Tuesday, August 5, 2014

What Was I Doing All Those Years?

For many years now I have been an Aspiring Author. A Writer, who was technically unemployed (although I think they stopped counting me in the statistics because I have been so long without a full-time job), and yet also filled the Stay-at-Home Parent role which made me Not Job-less. Trust me, I've worked hard these many years with no pay.

And yet I still considered myself an Aspiring Author.  Maybe some of you wonder what it is that I did all those years when I wasn't working (for pay).  Well, a few things (besides take care of my beautiful children, of course).

I ate some candy.

I wrote a lot. Three books, four plays, a few screenplays.

I researched the writing business a lot. You've got to know what it is your trying to do, I suppose. I read many, many articles and books, I looked up agents and publishers who accepted manuscripts in my genre.

To these agents and publishers I would send a query.  Basically, a query is a pitch. I would find an agent or a publisher and I would send them a letter that had a brief blurb about me, and then a brief blurb about my book (in a certain style, of course).

Then, I would wait. At the beginning, I would send out one query at a time. But I soon learned that it's not always a quick response from agents and publishers (and sadly, most of the time you don't even get a response). So, I started sending out simultaneous queries.  And when I would get a rejection from one, I usually always had one (or more) out to keep my hopes alive.

And then I would rewrite my queries. I was always honing them, always sending them to my wife for feedback.  It's really a craft all by itself, the writing of the query. You have to include the plot, the main characters, the conflict, the tension, and the tone in just 200 words. Trying to capture an 80,000-90,000 word book in 200-300 words is not easy. It needs to be the most interesting, compelling thing that someone will read that day. No pressure.

Sometimes, an agent or a publisher would request more. It might be 10 pages, or a chapter, or three chapters. Some wanted a synopsis, or even the whole manuscript.

One time I went to Niagara Falls.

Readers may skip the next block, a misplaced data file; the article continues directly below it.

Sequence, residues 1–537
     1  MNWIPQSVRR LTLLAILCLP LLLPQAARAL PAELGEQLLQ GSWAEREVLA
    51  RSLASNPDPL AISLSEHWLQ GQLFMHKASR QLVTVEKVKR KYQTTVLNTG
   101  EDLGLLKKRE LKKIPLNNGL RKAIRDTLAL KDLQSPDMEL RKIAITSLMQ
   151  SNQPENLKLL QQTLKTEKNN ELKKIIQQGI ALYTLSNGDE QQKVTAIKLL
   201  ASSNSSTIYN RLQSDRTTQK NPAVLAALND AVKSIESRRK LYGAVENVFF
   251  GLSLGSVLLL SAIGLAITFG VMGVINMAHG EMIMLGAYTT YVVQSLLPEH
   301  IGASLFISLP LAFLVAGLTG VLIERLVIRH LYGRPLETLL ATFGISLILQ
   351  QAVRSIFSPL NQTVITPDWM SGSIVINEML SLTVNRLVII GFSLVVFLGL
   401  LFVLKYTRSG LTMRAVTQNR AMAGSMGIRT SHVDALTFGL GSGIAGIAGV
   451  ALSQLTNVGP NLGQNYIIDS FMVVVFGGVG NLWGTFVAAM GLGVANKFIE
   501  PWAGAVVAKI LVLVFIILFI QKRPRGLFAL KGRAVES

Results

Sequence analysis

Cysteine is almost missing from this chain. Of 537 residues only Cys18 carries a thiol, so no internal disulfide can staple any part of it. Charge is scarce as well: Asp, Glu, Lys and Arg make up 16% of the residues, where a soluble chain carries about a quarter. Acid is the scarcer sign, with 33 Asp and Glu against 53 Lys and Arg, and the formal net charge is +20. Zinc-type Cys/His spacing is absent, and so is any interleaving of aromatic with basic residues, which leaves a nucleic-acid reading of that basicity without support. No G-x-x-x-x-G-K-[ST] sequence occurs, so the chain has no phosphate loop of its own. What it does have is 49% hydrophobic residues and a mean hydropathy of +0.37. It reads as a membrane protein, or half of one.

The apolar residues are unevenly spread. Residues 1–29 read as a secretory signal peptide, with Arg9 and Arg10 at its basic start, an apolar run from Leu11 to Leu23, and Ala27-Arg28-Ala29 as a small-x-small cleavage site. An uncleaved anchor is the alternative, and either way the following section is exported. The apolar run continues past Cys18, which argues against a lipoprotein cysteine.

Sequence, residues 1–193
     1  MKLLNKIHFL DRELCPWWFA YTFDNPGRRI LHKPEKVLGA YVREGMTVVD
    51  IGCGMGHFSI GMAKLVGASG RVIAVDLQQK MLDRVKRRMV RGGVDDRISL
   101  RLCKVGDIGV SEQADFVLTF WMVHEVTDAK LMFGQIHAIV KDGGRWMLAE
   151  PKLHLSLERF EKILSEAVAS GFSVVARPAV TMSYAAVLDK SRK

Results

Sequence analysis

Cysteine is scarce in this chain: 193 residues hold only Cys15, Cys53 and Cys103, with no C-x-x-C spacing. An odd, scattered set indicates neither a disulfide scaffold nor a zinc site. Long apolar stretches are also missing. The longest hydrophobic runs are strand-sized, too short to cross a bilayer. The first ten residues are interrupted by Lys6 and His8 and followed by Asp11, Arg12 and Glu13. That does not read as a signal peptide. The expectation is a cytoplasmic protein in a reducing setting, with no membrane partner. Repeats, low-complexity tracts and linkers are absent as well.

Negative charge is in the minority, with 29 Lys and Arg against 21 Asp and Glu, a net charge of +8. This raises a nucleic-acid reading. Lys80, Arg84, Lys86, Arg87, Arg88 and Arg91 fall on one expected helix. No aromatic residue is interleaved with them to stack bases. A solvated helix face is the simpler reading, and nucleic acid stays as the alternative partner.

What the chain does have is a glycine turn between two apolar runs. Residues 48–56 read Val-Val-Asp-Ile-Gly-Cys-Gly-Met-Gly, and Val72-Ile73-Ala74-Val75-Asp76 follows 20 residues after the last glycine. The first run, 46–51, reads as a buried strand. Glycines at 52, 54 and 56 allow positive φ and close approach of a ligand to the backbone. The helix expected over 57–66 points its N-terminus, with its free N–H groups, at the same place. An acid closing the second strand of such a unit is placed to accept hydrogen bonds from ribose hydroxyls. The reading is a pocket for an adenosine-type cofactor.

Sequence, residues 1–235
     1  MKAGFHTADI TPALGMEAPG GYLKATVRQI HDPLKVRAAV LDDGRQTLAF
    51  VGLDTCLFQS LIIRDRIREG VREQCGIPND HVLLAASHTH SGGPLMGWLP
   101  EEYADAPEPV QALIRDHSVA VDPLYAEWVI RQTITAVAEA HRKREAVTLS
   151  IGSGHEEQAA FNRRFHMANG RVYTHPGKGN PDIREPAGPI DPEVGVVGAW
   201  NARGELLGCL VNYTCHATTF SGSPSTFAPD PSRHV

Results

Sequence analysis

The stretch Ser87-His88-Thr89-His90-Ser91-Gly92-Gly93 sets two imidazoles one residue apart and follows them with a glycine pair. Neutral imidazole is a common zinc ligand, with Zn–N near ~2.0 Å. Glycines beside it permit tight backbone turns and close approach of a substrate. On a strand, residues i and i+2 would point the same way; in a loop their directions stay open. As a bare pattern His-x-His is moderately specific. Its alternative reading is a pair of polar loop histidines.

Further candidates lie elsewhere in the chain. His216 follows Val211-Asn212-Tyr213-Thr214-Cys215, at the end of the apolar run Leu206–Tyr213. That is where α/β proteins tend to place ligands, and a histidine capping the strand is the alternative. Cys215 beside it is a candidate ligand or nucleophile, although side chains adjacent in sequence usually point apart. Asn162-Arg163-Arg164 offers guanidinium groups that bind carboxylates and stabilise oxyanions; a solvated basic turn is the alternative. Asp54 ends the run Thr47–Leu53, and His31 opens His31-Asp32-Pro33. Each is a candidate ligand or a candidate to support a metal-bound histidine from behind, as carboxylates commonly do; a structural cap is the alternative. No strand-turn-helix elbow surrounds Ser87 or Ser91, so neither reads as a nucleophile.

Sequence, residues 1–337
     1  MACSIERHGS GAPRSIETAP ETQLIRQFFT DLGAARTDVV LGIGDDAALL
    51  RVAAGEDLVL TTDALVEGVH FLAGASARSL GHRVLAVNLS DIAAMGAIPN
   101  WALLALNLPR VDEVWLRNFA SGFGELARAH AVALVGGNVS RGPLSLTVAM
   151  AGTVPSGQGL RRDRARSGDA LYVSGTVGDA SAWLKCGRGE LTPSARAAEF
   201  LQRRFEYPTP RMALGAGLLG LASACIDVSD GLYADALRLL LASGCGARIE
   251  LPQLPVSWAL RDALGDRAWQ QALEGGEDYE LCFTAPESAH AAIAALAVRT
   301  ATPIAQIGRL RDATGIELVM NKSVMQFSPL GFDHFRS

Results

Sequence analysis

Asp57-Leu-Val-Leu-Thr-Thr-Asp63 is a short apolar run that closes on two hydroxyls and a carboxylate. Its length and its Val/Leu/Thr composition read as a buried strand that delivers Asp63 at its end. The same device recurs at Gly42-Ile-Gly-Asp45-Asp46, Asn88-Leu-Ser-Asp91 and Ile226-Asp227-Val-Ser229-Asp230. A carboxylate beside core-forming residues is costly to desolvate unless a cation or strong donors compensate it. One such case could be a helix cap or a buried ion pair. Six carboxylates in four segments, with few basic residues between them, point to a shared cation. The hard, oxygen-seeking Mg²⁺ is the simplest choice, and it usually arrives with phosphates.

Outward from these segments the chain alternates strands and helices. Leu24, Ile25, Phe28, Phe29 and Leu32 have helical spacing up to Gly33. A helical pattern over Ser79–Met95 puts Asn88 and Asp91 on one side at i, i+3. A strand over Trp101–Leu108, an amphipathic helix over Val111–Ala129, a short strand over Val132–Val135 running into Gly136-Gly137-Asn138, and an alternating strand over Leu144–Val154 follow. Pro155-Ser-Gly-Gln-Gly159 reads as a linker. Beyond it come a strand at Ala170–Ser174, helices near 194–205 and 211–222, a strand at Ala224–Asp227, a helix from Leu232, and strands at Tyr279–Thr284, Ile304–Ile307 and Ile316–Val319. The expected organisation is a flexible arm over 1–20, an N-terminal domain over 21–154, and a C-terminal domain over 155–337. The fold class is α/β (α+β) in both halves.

Then there would be more waiting.  And more rejections. I sort of wish that I could tell you how many I got, but at one point my computer crashed and I lost the database where I was keeping track of it all.  Maybe that was a good thing.

Because then I started using something called QueryTracker. And, that's where I found WiDo Publishing and sent a query to them.  And lo! they have given me a chance and signed me as one of their authors (my book is currently in the Editor's hands).

The publishing industry is an interesting beast. There are really only five major publishing houses who control the vast majority of books being published.  Then, there are self-publishing houses (vanity presses - you have to pay them to have your book published there), you can self-publish and not go through a press, and then there is the Small Press, which is what WiDo is.  (And if you want to know more about the Small Press, you should read this article written by another of WiDo's authors, Elizabeth Maria Naranjo, who just launched her first novel, The Fourth Wall.)

So, all those years of waiting to sign a publishing contract, I was actually doing something, even though a lot of the time it felt like I wasn't really doing anything.

I'm so relieved and thankful to have gotten a publishing contract, and I certainly hope this isn't the last of me in the industry. However, I know the ropes better now, so I'll always plug along, as long as I have a story in me to tell.

1 comment:

  1. It is a long, lonely road for the writer. So glad you had a wife in your camp who believed in you and did everything possible to give you the opportunity. I have great hopes for you, Scott!